By John Petrofsky
Let me first say that I am not against ATVs, or opposed to off-road trails. However, it’s becoming clear that we have a problem, and it is time to close our roads to ATVs.
When ATVs were allowed on state and local roads 5 years ago, the goals were reasonable. The move was billed as a short-term action to allow access to trails where absolutely necessary, and as a stopgap until actual off-road trails were secured. The presence of ATVs on our roads has proved more negative than anyone thought, and it’s time to reverse the policy.
The actual impact has been a far cry from what was expected. Lifelong residents now have to put up with sometimes hundreds of ATVs driving by during a weekend, few adhering to the speed limit, not to mention increasing problems with trespassing and damage to private property.
I have neighbors in their sixties and seventies who no longer sit on the front porches of the houses in which they were born, because there is too much dust and noise from ATVs. The peace and quiet that attracted many second home owners to the region is gone, and it’s increasingly common to hear stories of people thinking of leaving. Even on lakes, people are selling.
ATVs are displacing other traditional recreational activities, like hiking, and mountain biking. Other people don’t want to be around them. This has its own economic impact. Consider that the market for biking in New Hampshire is roughly seven times as large as that for OHRVing, and the market for hiking about ten times larger. Consider that we are keeping these activities (which are underdeveloped in the North Country) away from our towns by allowing ATVs free reign. Far from being a boon to the economy, the current policy is limiting our opportunity.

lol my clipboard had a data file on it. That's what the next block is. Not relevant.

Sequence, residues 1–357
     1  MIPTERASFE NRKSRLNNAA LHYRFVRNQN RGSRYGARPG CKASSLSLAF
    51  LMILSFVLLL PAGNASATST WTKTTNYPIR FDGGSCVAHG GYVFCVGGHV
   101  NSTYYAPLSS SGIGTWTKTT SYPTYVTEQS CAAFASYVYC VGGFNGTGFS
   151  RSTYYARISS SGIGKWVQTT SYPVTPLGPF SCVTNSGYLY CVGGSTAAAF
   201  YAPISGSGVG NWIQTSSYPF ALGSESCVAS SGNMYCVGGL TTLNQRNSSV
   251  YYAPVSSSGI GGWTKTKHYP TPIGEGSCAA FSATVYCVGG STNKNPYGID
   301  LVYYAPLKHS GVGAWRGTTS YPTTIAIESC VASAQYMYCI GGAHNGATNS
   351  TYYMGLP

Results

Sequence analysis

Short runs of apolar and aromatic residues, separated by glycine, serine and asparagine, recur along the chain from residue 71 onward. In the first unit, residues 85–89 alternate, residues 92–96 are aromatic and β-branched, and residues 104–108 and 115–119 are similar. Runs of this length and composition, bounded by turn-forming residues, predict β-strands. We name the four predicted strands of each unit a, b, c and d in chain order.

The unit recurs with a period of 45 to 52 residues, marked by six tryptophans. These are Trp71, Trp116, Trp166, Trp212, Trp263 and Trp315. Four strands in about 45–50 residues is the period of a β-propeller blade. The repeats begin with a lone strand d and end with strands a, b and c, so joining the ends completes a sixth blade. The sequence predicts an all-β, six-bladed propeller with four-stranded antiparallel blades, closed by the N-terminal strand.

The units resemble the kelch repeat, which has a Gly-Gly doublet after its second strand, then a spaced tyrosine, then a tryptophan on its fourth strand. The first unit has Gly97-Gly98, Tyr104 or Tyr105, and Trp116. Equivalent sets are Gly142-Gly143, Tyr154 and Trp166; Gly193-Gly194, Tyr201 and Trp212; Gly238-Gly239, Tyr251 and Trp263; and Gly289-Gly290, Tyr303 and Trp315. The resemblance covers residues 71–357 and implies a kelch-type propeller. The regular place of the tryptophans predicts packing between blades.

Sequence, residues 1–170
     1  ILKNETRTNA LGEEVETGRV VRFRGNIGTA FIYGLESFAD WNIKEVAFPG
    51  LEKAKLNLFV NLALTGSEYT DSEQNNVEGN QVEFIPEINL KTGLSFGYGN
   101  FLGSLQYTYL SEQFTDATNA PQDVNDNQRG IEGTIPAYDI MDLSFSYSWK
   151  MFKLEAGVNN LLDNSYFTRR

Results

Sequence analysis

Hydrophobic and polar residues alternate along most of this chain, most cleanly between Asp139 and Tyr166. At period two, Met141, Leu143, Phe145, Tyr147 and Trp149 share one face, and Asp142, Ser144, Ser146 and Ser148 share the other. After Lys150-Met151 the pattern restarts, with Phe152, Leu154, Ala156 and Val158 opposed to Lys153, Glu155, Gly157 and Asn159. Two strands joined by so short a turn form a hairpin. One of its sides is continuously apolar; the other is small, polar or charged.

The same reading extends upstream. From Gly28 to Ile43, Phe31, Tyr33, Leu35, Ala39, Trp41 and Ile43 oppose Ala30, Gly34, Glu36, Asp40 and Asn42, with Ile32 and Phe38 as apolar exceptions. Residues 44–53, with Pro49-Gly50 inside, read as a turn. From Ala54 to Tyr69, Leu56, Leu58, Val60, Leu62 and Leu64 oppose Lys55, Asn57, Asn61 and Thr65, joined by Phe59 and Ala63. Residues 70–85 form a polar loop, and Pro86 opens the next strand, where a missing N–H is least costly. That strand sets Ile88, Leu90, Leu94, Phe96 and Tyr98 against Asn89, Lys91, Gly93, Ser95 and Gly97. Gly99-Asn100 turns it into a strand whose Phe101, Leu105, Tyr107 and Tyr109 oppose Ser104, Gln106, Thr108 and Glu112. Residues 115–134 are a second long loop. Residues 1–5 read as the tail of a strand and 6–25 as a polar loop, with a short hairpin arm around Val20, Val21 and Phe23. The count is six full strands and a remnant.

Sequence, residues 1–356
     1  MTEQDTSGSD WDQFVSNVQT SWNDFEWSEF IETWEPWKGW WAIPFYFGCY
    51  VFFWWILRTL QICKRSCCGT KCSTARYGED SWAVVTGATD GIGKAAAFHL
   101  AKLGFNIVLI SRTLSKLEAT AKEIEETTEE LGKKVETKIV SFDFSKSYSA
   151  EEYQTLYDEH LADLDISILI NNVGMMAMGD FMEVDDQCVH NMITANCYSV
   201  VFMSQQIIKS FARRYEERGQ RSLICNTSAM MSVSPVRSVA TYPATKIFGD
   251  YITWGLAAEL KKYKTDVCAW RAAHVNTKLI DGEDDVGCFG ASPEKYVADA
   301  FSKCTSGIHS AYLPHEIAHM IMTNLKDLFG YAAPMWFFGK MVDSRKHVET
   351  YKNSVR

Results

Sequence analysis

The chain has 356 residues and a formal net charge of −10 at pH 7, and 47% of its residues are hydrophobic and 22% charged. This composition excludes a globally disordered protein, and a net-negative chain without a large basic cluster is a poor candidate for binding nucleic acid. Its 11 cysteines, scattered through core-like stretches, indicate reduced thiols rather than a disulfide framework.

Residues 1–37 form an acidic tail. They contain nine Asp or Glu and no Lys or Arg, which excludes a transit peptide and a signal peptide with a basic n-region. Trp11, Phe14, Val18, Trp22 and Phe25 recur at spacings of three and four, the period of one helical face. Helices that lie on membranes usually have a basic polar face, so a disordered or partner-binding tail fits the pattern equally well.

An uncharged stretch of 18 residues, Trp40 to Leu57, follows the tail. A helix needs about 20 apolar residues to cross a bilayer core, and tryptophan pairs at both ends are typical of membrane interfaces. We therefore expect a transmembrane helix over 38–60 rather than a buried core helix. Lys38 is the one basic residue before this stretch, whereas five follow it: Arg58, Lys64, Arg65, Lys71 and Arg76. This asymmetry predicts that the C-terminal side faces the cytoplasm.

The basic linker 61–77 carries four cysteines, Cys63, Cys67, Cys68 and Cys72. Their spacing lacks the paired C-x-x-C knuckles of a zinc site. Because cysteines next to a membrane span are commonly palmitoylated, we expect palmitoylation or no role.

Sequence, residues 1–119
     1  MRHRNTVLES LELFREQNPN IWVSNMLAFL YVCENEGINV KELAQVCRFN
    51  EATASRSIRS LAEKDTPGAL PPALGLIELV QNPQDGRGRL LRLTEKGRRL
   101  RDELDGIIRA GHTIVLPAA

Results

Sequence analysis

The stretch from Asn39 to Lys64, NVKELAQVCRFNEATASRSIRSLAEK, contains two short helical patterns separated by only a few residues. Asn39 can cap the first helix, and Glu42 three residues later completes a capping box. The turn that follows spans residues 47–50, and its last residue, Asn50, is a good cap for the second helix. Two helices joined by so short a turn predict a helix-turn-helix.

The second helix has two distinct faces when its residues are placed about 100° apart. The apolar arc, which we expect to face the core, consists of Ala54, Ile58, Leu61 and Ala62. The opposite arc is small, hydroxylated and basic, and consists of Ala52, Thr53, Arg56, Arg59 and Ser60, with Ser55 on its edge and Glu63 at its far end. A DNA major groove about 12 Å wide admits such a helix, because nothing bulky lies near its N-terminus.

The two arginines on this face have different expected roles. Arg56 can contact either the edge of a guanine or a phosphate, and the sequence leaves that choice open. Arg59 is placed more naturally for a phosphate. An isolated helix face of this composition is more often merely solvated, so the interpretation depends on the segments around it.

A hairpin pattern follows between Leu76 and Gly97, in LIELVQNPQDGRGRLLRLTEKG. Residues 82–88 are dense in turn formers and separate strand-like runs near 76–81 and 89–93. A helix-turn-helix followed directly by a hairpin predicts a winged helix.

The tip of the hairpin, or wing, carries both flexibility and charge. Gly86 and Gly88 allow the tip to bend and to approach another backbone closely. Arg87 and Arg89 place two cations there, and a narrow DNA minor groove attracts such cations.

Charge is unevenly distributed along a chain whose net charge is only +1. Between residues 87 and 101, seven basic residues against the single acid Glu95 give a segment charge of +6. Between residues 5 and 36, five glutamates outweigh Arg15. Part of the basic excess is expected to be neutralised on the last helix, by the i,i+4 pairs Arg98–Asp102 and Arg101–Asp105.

There are a handful of business owners who think ATVs are helping. They are mostly ATV rental owners and ATV tour operators. In places like Gorham and Pittsburg there are businesses that are thriving, without ATVs having direct access. In some cases these business are actually doing better than those on the trails.
In fact, there are local business owners who feel that ATVs are hurting them economically. These people feel that ATVs drive away the tourists that have been coming to the North Country for generations. They are too afraid to speak out.
Why? To give you just one example, a campground owner in Pittsburg recently refused to allow ATVs access to his property. His property was immediately vandalized resulting in several thousand dollars in damages. Following this thuggish attempt to intimidate, he closed his land to snowmobiles too, and understandably so! No one wants to deal with physical threats, so fewer people have spoken out. People are afraid. Never mind the economic discussion. Is this who we have become as a community?
The longer this goes on, the LESS likely people are to allow ATVs on their private property. If you have had very poor experiences overall with ATVs for 5 years on public roads, why would you allow them on your own land? Allowing ATVs on roads is undermining the long-term goal of having a trail system in the woods!
More enforcement is not the answer. There are simply too many areas to patrol, too few Fish and Game officers, and we need them elsewhere.
Things have gotten out of hand, and it’s time to take a step back. There must be common sense solutions. We can have ATVs off roads, and in the woods, without destroying our neighborhoods, other economic drivers, or even the ATV trade. ATV clubs and the concerned community might even work together on finding off-road trails, but it is past time to close all roads to ATVs.
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